Despite $35 Billion Crime Spree Head Of JP Morgan Is Now A Billionaire And Not In Jail

Despite $35 Billion Crime Spree Head Of JP Morgan Is Now A Billionaire And Not In Jail

For common folks crime doesn’t pay, but if you’re the head of a too-big-to-fail criminal racket known as a bank, in this case JP Morgan, it certainly does. And quite handsomely.

Bloomberg, which tracks those with a net worth over $1 billion, added Jamie Dimon, head of JPMorgan Chase & Co., to its rich list with a net worth of about $1.1 billion.

Dimon’s fortune derives from presiding over the bank as it committed a crime spree for the ages and was bailed out for taking excessive risks with the money of main street Americans.

To recap, here’s a list of the crimes committed under his leadership:

  • Misleading CDO Investments, $153.6 million, Settled on 6/21/2011
  • Anticompetitive Conduct in Municipal Bonds, $228 million, Settled on 7/7/2011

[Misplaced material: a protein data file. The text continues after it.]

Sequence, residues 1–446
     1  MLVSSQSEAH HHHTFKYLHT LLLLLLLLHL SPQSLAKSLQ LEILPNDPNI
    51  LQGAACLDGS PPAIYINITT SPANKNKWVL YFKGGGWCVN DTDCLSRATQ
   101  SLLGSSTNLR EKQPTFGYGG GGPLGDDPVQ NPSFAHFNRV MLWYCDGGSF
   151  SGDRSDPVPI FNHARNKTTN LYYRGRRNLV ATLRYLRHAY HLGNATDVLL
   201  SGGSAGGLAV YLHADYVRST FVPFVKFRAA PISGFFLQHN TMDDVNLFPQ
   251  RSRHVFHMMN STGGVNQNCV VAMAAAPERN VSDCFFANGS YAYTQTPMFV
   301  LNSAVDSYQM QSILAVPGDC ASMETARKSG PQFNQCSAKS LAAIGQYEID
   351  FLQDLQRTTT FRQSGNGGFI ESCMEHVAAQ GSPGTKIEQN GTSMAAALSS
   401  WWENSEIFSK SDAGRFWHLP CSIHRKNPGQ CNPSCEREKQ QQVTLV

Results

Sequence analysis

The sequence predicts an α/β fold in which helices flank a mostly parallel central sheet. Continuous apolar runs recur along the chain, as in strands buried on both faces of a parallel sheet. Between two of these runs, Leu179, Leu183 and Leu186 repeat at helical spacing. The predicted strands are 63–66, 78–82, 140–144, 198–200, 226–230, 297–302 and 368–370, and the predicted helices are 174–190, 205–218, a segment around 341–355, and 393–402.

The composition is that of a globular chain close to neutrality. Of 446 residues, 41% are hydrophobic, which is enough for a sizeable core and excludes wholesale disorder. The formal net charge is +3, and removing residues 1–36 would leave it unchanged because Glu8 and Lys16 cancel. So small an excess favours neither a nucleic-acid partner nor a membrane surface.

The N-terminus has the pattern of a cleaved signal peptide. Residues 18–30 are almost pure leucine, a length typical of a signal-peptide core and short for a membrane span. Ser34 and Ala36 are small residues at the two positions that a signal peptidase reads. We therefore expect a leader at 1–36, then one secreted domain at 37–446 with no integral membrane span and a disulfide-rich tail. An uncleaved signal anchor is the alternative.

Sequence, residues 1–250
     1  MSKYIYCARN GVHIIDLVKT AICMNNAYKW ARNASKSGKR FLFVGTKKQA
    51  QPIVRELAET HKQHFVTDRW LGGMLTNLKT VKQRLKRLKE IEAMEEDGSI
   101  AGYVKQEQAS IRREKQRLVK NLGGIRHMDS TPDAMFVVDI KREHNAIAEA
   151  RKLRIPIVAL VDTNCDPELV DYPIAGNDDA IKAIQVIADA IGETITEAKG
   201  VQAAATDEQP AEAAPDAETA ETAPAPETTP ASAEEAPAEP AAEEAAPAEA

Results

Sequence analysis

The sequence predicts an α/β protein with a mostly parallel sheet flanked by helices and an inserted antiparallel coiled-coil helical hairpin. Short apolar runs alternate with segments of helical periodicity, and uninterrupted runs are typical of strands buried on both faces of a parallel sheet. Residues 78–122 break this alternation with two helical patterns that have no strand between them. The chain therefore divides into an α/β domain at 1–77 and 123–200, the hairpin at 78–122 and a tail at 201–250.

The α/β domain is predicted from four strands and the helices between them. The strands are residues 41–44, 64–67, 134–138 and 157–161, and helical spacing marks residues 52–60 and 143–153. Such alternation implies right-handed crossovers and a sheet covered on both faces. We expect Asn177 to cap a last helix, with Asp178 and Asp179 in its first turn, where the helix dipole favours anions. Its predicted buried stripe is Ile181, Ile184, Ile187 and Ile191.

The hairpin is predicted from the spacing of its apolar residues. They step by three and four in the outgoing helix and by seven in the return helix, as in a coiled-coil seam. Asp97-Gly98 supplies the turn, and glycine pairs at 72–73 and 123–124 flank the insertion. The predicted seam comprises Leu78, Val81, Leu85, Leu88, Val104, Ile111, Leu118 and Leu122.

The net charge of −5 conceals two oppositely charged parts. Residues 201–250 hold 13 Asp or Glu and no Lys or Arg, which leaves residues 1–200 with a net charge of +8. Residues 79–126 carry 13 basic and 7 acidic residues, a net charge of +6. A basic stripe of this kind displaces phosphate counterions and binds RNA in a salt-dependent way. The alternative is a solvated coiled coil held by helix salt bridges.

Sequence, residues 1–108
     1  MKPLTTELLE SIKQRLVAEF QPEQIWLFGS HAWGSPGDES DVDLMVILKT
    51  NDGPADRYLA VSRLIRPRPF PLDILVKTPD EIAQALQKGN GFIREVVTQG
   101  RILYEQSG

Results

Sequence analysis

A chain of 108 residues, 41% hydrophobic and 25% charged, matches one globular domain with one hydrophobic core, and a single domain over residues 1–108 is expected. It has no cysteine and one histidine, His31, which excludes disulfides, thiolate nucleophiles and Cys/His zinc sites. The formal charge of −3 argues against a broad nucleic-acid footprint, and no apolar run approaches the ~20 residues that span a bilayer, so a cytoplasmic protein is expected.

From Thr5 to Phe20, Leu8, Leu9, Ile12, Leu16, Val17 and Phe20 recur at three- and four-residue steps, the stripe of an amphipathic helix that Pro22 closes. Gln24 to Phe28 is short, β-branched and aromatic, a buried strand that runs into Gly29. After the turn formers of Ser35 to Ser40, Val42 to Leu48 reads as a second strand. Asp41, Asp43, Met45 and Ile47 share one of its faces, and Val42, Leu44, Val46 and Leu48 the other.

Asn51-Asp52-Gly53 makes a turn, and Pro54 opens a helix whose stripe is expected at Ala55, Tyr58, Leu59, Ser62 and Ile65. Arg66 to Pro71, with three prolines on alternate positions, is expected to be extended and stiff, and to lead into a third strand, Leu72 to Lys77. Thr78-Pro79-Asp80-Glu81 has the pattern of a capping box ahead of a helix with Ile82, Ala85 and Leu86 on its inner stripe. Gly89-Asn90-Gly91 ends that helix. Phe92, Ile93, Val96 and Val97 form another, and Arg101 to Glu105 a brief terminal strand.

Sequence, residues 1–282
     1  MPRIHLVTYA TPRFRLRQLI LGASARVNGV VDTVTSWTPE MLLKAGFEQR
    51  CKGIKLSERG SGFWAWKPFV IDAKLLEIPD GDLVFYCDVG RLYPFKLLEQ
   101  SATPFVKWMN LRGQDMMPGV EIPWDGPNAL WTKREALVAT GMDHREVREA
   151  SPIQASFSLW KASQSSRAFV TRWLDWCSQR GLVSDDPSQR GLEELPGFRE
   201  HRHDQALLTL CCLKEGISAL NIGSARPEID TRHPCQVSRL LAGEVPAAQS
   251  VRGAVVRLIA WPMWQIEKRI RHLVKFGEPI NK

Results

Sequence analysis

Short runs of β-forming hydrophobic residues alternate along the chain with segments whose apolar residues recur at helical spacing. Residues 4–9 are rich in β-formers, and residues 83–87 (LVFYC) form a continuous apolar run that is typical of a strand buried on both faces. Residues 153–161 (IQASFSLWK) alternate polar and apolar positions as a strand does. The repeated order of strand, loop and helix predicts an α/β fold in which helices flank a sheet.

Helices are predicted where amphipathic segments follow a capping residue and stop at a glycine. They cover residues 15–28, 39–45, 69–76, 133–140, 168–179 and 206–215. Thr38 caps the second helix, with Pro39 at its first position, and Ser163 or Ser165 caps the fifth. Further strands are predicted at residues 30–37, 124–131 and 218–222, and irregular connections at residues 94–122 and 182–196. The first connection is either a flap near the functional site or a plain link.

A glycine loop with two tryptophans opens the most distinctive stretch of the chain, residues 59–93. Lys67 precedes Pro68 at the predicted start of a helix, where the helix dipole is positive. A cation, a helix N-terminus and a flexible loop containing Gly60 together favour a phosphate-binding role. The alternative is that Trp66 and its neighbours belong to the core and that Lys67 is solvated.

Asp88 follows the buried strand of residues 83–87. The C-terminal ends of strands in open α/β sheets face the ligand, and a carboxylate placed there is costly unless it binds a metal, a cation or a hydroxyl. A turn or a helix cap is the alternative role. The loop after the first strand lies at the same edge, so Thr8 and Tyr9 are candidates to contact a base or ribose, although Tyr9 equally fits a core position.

• Foreclosure Abuses and “Robo-Signing”, Settled on $5.29 billion, 2/9/2012
  • More Mortgage Misrepresentation, Settled on $269.9 million, 11/16/2012
  • Improper Foreclosures Pt. 2, Settled on $1.8 billion, 1/1/2013
  • Electricity Trading Scandal, Settled on $410 million, 7/30/2013
  • Illegal Credit Card Practices, Settled on $389 million, 9/19/2013
  • The London Whale, $920 million, Settled on 9/19/2013
  • The Fannie and Freddie Fines, $5.1 billion, Settled on 10/25/2013
  • Institutional Mortgage Securities, $4.5 billion, Settled on 11/15/2013
  • Misleading “Toxic Mortgages”, $13 billion, Settled on 11/19/2013
  • Libor Rigging Scandal, $108 million, Settled on 12/4/2013
  • Madoff Retribution, $1.7 billion, Settled on 1/6/2014
  • Currency Manipulation, $1.34 Billion, Settled on 11/21/2014
  • Total fines over three years: $35,241,500,000

    Total bailouts since 2008: $25,000,000,000

    Jamie Dimon Net Worth: $1,100,000,000

    It’s worth noting that these fines understate the magnitude of the crimes as the company pays less in fines than it made off the criminal acts.

    All of which begs the questions:

    How has this man been allowed to get this rich instead of going to jail?


    Why is JP Morgan not deemed to be a criminal enterprise?